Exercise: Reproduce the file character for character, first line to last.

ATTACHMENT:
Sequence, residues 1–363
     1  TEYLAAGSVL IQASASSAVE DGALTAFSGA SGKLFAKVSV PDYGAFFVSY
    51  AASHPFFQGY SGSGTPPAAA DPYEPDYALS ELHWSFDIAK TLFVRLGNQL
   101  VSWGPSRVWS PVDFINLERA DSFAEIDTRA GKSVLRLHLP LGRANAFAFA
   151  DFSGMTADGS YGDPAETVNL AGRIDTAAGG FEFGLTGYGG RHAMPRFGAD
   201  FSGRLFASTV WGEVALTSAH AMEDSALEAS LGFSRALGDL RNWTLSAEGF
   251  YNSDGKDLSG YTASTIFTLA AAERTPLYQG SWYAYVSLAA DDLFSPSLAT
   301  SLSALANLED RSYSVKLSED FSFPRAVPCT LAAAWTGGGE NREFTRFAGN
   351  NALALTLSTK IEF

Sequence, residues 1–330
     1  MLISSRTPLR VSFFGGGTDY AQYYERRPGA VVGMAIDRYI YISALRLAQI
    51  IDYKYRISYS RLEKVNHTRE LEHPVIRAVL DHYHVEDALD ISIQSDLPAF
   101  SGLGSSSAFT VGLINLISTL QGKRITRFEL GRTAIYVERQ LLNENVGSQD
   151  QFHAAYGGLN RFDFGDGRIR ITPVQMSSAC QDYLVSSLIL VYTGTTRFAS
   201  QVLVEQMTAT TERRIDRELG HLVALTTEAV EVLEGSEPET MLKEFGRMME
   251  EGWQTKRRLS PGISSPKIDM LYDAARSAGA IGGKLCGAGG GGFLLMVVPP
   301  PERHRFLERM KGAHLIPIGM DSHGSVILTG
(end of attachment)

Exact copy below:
Sequence, residues 1–363
     1  TEYLAAGSVL IQASASSAVE DGALTAFSGA SGKLFAKVSV PDYGAFFVSY
    51  AASHPFFQGY SGSGTPPAAA DPYEPDYALS ELHWSFDIAK TLFVRLGNQL
   101  VSWGPSRVWS PVDFINLERA DSFAEIDTRA GKSVLRLHLP LGRANAFAFA
   151  DFSGMTADGS YGDPAETVNL AGRIDTAAGG FEFGLTGYGG RHAMPRFGAD
   201  FSGRLFASTV WGEVALTSAH AMEDSALEAS LGFSRALGDL RNWTLSAEGF
   251  YNSDGKDLSG YTASTIFTLA AAERTPLYQG SWYAYVSLAA DDLFSPSLAT
   301  SLSALANLED RSYSVKLSED FSFPRAVPCT LAAAWTGGGE NREFTRFAGN
   351  NALALTLSTK IEF

Sequence, residues 1–330
     1  MLISSRTPLR VSFFGGGTDY AQYYERRPGA VVGMAIDRYI YISALRLAQI
    51  IDYKYRISYS RLEKVNHTRE LEHPVIRAVL DHYHVEDALD ISIQSDLPAF
   101  SGLGSSSAFT VGLINLISTL QGKRITRFEL GRTAIYVERQ LLNENVGSQD
   151  QFHAAYGGLN RFDFGDGRIR ITPVQMSSAC QDYLVSSLIL VYTGTTRFAS
   201  QVLVEQMTAT TERRIDRELG HLVALTTEAV EVLEGSEPET MLKEFGRMME
   251  EGWQTKRRLS PGISSPKIDM LYDAARSAGA IGGKLCGAGG GGFLLMVVPP
   301  PERHRFLERM KGAHLIPIGM DSHGSVILTG